Andrew Lindquist reviews Michael LeMahieu's Fictions of Fact and Value, examining the influence of logical positivism on American literature of the postwar era.
In the opening to Fictions of Fact and Value, Michael LeMahieu argues that logical positivism, "[m]ore than either existentialism or deconstruction . . . defined the philosophical problem field out of which 'postmodern' fiction emerged" (2). More specifically, the influence of logical positivist philosophy on writers and literary critics alike engendered the central literary preoccupation of the postwar era: the fact/value problem. Critics and theorists in most literary circles perceived logical positivism as the scientific and empirical "death" of "imagination as metaphysics" and took Ludwig Wittgenstein as the philosophy's primary representative (LeMahieu 1). Yet as LeMahieu points out, the rejection of logical positivism by postmodern theorists on these grounds stems from an overgeneralization of the philosophy and, more troubling, an overt misreading of its supposedly founding text, the infamous Tractatus Logico-Philosophicus. He thus makes an important distinction between the philosophy as inscribed in postwar literary works and described by supposedly postmodern authors and critics (notice how LeMahieu brackets "postmodern" with quotation marks in the first excerpt). Indeed, while postmodern theorists vehemently denounced logical positivism, postwar writers, in their very responses to the philosophy, were instantiating the Tractatus's fundamental principles. LeMahieu lays out his intentions quite concisely: "rather than simply looking for the tenets of logical positivism exemplified in the works of postwar novelists, this study examines how the logical positivist articulation of the fact/value problem informs the aesthetic strategies of postwar fiction" (21). In particular, Fictions of Fact and Value lays special emphasis on the "and" in the book's title. In his brilliant literary approach to this philosophical problem, LeMahieu demonstrates how five postwar authors—Don DeLillo, Flannery O’Connor, John Barth, Saul Bellow and Thomas Pynchon—followed the Tractatus's aesthetic model to take issue with any clear distinction between real facts and unreal values, preferring instead an "entanglement of facts and values" (21).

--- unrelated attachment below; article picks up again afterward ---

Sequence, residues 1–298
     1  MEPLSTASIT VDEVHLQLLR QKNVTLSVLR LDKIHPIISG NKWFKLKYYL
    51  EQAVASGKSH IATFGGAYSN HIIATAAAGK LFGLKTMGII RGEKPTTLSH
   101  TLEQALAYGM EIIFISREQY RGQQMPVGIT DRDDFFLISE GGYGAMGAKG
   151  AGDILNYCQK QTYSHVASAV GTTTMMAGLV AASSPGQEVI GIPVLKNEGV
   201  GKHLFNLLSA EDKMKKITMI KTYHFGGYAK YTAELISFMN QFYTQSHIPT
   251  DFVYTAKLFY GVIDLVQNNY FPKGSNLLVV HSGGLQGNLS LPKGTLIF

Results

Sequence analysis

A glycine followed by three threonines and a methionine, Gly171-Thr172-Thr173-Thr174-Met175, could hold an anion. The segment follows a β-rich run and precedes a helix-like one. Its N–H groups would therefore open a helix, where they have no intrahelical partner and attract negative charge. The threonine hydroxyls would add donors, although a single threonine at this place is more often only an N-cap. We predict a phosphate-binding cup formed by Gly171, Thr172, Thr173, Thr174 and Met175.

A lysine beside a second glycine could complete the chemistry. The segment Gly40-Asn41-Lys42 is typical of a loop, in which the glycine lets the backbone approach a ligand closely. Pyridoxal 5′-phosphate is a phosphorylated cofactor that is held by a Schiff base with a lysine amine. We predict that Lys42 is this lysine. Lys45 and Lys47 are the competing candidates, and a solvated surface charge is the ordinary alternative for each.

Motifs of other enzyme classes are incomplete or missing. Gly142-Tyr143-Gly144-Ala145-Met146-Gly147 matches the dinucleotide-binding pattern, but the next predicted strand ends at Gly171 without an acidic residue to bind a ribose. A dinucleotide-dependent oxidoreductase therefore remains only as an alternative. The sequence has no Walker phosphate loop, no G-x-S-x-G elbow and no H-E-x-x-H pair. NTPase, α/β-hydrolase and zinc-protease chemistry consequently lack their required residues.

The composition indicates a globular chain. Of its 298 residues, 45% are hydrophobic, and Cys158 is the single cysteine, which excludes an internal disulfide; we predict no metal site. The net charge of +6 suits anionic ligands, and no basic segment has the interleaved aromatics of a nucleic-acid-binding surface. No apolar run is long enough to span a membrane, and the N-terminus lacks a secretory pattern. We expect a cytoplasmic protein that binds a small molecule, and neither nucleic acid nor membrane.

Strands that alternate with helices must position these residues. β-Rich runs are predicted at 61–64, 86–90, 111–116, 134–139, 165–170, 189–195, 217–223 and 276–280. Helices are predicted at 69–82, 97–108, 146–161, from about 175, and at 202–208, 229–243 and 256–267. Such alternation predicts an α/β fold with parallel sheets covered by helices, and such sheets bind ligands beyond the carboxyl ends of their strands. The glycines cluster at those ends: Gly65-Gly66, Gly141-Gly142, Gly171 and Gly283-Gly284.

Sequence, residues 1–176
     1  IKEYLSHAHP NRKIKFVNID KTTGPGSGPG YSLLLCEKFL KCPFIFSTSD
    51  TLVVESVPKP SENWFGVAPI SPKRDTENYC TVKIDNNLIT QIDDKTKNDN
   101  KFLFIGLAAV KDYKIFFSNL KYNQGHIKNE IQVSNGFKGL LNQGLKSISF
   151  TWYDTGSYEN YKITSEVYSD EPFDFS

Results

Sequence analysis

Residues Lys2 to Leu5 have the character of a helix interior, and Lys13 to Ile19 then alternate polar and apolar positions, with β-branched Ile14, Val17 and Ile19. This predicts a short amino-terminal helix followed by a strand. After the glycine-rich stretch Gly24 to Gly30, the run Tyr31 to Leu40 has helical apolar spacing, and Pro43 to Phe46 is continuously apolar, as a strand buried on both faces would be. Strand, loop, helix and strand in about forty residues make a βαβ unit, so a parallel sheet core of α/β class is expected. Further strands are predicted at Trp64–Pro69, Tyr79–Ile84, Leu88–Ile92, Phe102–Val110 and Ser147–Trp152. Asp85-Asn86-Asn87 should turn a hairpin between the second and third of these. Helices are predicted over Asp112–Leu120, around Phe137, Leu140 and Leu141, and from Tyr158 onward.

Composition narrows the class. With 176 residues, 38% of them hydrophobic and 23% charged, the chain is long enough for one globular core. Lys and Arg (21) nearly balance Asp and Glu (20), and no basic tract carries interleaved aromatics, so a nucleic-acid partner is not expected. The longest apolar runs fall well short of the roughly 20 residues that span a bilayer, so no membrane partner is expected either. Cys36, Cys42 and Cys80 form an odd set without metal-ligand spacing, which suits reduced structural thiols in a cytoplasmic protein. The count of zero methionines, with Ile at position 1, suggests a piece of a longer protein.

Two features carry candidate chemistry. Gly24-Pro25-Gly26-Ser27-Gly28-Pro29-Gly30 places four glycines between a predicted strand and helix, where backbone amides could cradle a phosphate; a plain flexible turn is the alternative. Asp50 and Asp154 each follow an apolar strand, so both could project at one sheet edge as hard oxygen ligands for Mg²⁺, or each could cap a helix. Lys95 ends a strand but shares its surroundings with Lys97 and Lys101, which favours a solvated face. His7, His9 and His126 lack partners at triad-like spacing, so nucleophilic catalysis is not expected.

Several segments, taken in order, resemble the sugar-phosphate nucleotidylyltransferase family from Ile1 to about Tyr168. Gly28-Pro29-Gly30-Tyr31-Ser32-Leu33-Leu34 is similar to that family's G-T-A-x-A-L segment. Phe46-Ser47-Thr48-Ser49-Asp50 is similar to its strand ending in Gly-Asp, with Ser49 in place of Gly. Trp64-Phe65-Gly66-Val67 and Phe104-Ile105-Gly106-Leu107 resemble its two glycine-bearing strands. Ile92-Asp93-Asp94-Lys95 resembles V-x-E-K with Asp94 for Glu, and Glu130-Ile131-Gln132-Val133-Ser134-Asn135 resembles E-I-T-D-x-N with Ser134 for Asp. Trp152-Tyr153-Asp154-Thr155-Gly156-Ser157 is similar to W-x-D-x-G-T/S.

Importantly, LeMahieu addresses the wider scope of reasoning behind positivism's unpleasant critical reception. He points to the "narrowing" and "domestication" of logical positivism in America as a point of issue (129, 19). As its European progenitors relocated to the United States after the second World War—teaching at the universities attended by some of the postwar writers discussed in the book—logical positivism's once "radical intellectual ambitions" were reduced to "an ahistorical and apolitical philosophy" (19). George Reisch and John McCumber trace this transformation to the rise of McCarthyist paranoia, arguing that the depoliticization of logical positivism—moving toward a more neutral "philosophy of science" (LeMahieu 19)—helped it to avoid possibly detrimental associations with more radical philosophical worldviews. LeMahieu, citing Michael Friedman's Reconsidering Logical Positivism, notes that "[t]his blunting of logical positivism allowed for its American domestication and identification with 'a rather simpleminded version of radical empiricism'" (19). Here, however, LeMahieu does not develop what appears to be a crucial link between the "domestication" of logical positivism and its role in economic discourses of the postwar era. If we consider the economic stakes involved at the time—the ethical obligation of democratic capitalism to immunize the communist epidemic—the neutralization of logical positivism into a scientific philosophy can be understood in a different light. The immediate postwar era witnessed the ascent of the highly rationalized, mathematics-driven theory of neoclassical economics. The repositioning of economic discourse into a "hard" science—a process E. Roy Weintraub has called "the 'scientificization' or 'mathematization' of economics" (Weintraub)—served to legitimate the unfurling of capitalist production through its very naturalization: by reformatting capital flows into reproducible (and predictable) mathematical equations, economists developed an understanding of economic activity as not the results of specifically motivated agents but the natural behavior of the market itself. Indeed, it is such an understanding—according to which, in economics, "there is no room for argument" (Putnam 2)—that Hilary Putnam has taken issue with in The Collapse of the Fact/Value Dichotomy. For Putnam, the understanding of facts as "objectively true" and values as "incapable of objective truth" rests on "untenable arguments and on over-inflated dichotomies" (1). In particular, he argues, the fact/value dichotomy stems from a misinformed interpretation of Kant's distinction between analytic and synthetic judgments. For Kant, synthetic judgments, in which truths are established based on a given context, are no less factual than analytic, "definitional" truths (Putnam 2). The problem, for Putnam, is that while Kant "took it for granted that synthetic truths state 'facts'" and indeed perceived the practice of mathematics as "both synthetic and a priori," logical positivist philosophy—in which mathematics as a hard science plays a central role—asserts that only analytic truths are capable of stating facts (3). The notion that value judgments are by definition non-factual is thus based on tenuous philosophical understandings. For Putnam, the assertion that facts are logically superior to values and the subsequent reframing of the study of market behavior as an accordingly verifiable science is a deeply troubling issue. Taking Putnam's economic approach into account, the fact/value problem can be reinscribed as the failure of verifiable exchange-value to account for unverifiable use-value within late capitalism.